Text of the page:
Even better: if you use perfectly ripe Italian prune plums, the dumplings will be filled with juicy plum goodness!

Now, how to capture the taste of plum dumplings in ice cream?  I decided the best method was to cook Italian prune plums with some cinnamon and sugar until they were thick and saucy and then swirl the compote, along with some buttery cinnamon sugar breadcrumbs,  into a delicate vanilla ice cream.  The results?  AMAZING.  This recipe is currently ranked among my Top 3 ice cream recipes (Mango Ice Cream with Chili Sea Salt and Black Forest Ice Cream being my two other current favourites).  The prune plums cook down to a gorgeous fuchsia colour and the breadcrumbs add a delightful sweet crunch to the ice cream.  Élvez!  Enjoy!

Hungarian Plum Dumpling Ice Cream  (Makes about 1.25 L)

Ice Cream

2 eggs
3/4 cups white sugar
3 cups half-and-half cream
1/2 teaspoon vanilla

Plum Compote

2 1/2 cups diced Italian prune plums
1/3 c white sugar
1 teaspoon cinnamon

Cinnamon Sugar Breadcrumbs

2 tablespoons butter
1 cup coarse bread crumbs
1/4 teaspoon cinnamon
2 tablespoons white sugar

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Caramelized Apricot and Brandy Ice Cream (#24)

23 08 2012

The Official Taster has declared that he gets extra ice cream this week — payback for when I bashed him in the leg with my unicycle.  I’ve been trying to learn to ride a unicycle for quite some time now, and I really ought to stop practicing in the hallway as I’m waiting for the elevator.  Last week I almost accidentally pulled the fire alarm when I tried to steady myself.  This week, the unicycle slipped from underneath me and went flying into the O.T.’s legs.  Big bruise and a scratch.  Ooops.  But an extra large bowl of ice cream can fix that.

Apricots are the star of the show this week.  With soft, velvety skins, apricots also rank quite highly on the Fruit Cuteness scale, just behind the soft and fuzzy peaches that were featured in last week’s light, airy Peaches and Cream Ice Cream.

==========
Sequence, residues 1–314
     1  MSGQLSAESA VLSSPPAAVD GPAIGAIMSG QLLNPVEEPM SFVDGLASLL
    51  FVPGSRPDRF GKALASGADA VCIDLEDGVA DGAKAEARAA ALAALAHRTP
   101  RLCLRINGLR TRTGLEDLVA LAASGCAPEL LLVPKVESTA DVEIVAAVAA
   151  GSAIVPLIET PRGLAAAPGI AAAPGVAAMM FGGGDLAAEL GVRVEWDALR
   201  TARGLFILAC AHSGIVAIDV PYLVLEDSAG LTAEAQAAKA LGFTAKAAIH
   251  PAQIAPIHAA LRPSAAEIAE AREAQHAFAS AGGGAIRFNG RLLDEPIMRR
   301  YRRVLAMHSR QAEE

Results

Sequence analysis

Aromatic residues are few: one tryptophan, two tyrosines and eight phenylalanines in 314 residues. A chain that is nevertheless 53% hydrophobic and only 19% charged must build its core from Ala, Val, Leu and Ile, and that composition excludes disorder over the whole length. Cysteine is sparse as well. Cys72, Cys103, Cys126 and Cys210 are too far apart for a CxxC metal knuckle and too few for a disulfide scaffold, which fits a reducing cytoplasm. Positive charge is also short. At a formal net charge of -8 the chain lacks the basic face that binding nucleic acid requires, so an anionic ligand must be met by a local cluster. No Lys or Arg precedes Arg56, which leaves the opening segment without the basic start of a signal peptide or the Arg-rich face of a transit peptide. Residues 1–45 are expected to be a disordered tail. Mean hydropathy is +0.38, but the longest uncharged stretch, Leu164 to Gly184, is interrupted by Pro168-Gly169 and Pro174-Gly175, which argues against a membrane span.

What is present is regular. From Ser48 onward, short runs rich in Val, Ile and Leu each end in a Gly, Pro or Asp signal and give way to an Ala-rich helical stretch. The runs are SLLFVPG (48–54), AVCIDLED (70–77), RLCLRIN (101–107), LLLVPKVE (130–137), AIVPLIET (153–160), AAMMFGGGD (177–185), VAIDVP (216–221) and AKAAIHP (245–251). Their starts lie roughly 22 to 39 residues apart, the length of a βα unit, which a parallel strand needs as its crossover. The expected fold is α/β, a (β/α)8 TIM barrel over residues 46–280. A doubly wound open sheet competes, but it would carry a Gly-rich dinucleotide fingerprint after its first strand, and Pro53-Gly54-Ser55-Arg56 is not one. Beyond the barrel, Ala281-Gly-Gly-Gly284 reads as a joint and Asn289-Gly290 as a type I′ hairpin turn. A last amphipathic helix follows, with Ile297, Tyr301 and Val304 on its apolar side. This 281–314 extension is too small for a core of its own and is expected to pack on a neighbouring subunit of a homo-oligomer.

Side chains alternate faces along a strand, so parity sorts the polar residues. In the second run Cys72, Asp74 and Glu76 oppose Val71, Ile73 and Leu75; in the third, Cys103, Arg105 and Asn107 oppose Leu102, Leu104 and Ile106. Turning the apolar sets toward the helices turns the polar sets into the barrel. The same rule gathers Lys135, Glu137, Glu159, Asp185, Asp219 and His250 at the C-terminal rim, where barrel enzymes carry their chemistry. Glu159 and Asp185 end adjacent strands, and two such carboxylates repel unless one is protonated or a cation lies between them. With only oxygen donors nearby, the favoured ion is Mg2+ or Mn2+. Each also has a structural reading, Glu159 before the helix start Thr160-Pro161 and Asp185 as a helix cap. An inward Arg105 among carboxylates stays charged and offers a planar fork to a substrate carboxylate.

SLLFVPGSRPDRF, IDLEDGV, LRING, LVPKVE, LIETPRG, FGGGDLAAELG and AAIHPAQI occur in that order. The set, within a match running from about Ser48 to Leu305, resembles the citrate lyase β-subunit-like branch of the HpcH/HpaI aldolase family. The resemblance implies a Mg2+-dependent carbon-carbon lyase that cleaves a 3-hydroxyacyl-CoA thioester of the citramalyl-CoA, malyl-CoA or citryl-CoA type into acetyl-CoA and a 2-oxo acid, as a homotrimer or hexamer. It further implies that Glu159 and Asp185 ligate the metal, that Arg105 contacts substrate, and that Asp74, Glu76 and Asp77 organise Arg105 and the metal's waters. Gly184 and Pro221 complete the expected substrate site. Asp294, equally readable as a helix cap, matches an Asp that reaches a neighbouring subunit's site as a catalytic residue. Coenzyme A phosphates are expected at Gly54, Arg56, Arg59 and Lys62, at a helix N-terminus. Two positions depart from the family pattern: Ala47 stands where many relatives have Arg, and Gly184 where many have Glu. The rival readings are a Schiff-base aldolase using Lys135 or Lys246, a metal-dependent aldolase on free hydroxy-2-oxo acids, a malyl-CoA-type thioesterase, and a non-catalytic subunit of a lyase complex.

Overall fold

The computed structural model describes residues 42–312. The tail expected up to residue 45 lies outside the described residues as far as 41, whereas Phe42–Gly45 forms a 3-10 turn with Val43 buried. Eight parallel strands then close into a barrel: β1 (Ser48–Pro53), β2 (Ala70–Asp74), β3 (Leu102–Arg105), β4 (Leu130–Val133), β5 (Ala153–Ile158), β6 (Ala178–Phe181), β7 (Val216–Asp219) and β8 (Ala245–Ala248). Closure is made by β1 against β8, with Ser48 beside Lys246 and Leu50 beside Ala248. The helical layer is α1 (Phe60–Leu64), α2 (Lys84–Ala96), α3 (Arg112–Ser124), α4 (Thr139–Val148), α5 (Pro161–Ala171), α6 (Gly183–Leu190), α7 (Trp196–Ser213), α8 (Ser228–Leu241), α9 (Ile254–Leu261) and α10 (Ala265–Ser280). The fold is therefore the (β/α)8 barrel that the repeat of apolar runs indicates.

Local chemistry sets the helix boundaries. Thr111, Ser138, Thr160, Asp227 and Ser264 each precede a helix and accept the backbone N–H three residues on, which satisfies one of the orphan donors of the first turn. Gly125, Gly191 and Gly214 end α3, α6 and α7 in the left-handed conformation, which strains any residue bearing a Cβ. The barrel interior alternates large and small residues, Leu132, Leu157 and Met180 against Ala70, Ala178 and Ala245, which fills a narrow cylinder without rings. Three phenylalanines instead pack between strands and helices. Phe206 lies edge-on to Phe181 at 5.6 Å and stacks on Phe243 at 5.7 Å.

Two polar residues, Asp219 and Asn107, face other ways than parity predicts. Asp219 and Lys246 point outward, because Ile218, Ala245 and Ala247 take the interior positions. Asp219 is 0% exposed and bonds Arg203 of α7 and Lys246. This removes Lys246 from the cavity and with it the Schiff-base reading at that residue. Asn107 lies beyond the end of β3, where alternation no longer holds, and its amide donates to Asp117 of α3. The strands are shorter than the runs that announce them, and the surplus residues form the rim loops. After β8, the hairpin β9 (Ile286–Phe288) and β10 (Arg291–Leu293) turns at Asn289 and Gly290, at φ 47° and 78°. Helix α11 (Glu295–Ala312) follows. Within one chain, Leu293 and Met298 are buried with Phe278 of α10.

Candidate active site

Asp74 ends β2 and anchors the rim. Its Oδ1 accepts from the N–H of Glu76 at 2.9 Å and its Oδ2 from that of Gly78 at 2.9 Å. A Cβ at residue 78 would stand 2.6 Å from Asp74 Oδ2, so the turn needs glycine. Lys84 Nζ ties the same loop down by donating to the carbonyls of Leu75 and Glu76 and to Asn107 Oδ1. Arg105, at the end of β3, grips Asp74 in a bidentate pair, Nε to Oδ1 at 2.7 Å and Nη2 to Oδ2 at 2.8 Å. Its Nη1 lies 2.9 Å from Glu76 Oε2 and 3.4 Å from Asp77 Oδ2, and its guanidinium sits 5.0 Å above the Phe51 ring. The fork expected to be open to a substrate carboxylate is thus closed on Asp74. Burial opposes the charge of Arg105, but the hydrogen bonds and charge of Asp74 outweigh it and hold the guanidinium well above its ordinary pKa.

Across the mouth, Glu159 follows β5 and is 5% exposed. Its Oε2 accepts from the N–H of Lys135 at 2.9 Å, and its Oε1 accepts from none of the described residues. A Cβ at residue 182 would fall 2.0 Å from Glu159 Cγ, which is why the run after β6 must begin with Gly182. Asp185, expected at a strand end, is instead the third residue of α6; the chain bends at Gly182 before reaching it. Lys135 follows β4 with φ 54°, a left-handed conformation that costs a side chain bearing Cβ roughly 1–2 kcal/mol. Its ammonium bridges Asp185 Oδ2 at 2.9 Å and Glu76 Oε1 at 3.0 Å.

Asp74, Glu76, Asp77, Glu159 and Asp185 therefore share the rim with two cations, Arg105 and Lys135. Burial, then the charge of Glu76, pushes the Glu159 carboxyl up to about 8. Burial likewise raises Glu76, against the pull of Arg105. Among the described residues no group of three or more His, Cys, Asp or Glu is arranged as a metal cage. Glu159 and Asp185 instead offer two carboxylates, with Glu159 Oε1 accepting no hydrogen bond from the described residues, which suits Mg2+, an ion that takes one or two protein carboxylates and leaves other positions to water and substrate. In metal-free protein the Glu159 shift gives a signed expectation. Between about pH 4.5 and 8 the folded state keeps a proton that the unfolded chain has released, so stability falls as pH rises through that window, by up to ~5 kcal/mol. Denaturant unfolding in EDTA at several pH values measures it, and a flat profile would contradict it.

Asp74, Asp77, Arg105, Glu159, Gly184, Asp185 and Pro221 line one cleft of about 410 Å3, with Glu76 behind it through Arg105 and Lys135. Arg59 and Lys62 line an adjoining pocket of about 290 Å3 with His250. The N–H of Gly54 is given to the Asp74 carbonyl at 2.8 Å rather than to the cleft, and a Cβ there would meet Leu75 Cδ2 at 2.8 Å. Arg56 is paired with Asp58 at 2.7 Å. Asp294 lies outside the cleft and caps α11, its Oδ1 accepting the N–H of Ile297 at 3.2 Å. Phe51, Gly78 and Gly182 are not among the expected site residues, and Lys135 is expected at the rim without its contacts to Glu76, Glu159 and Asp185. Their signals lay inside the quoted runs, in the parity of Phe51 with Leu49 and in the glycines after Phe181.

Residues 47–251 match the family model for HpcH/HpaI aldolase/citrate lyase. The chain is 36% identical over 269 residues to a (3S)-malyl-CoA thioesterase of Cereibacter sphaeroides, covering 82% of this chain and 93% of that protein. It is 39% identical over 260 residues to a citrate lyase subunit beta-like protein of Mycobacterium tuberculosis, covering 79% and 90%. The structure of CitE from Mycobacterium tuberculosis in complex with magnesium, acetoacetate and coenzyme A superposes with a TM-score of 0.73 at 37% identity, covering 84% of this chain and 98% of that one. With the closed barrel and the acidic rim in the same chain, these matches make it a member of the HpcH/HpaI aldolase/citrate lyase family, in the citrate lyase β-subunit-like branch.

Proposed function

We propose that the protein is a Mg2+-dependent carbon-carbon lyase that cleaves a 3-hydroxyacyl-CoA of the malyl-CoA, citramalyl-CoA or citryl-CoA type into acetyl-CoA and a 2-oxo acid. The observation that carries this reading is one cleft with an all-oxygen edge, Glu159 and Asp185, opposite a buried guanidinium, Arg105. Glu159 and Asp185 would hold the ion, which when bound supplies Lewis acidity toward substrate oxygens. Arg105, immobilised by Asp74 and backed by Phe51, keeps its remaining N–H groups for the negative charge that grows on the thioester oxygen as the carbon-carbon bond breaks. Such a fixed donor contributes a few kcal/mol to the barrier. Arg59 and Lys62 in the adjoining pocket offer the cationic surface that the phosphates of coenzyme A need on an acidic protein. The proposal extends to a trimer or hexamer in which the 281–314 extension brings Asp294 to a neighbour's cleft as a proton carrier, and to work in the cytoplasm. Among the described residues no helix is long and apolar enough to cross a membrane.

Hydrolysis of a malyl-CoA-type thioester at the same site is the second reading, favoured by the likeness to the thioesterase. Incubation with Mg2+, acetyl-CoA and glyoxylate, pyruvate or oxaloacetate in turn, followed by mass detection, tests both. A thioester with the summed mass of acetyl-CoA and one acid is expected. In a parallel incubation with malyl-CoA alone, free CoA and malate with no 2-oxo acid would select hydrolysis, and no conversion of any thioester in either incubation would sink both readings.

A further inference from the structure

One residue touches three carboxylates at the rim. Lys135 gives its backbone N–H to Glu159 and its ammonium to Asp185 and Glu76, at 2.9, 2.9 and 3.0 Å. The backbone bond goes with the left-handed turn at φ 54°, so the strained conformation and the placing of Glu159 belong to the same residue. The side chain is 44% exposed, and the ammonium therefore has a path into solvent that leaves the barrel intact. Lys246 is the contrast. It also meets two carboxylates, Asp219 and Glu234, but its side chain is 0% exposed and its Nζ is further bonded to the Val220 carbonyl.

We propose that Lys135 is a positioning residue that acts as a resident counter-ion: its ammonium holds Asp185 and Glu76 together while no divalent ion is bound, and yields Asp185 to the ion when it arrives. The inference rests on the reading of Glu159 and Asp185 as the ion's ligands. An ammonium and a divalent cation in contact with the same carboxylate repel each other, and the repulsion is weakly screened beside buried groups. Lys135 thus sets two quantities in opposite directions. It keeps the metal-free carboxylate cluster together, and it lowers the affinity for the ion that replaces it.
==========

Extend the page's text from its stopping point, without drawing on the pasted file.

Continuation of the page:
fresh apricots

Fresh BC apricots basking in the sunshine on Commercial Drive

This week’s ice cream recipe involves more complex flavours: deeply caramelized apricots, warming brandy, and toasted almonds.  There’s a hint of fall just around the corner.

When preparing the apricots, be sure to cook the butter and sugar until the mixture turns a light caramel colour before adding the apricots.  That way, you will achieve a deep amber colour and caramel-ly taste.  During the first round in the test kitchen, I made the mistake of combining the butter, sugar, and apricots in the pan all at once.  Because of the high water content in the apricots, the mixture never caramelized, and what I ended up with was a bright orange apricot compote — sweet and delicious, but not quite what I wanted.  I also mixed 1/2 cup of chopped and toasted almonds into the ice cream, but the texture of the nuts seemed a bit too coarse when paired with the soft, brandy-infused apricots.  I would suggest garnishing the ice cream with toasted sliced almonds instead, as these have a much lighter texture.

Caramelized Apricot and Brandy Ice Cream  (Makes about 1.25 L)

Ice Cream: (Makes about 1.25 L)

2 eggs
3/4 cup white sugar
3 cups half-and-half cream
2 tablespoons brandy
Toasted sliced almonds (optional garnish)

Caramelized Apricots:

2 1/2 cups chopped apricots
2 tablespoons butter
4 tablespoons white sugar
1 tablespoon brandy

For the Ice Cream:

  1. In a heavy saucepan, lightly whisk together the eggs and sugar.
  2. Add 2 cups of the half-and-half cream.
  3. Cook the mixture over medium-low heat stirring constantly, until the mixture is thick enough to coat the back of a wooden spoon (170 degrees F / 77 degrees C).
  4. Remove from heat immediately and add the remaining half-and-half to stop the cooking.  Place the saucepan into an ice bath to cool the custard rapidly.  Stir in the brandy.
  5. Chill overnight in the fridge.

For the Caramelized Apricots:

  1. While the ice cream is chilling, prepare the caramelized apricots.
  2. Melt the butter and sugar in a non-stick pan over medium heat.  Swirl occasionally and let the mixture turn a light caramel colour, about 3 to 4 minutes.
  3. Add the chopped apricots.  Cook over medium-high heat, stirring occasionally, until the apricots turn a gorgeous dark caramel colour.   This should take another 5 minutes or so.
  4. Remove from the heat and stir in the brandy.
  5. Cool and chill overnight in the fridge.

To Finish

  1. Pour the custard into an ice cream maker and prepare according to the manufacturer’s instructions.
  2. In the final stages of churning, add the caramelized apricots and churn to distribute throughout the ice cream.
  3. Garnish with toasted sliced almonds if desired.
caramelized apricot and brandy ice cream

The Official Taster says: “Payback tastes GOOD.”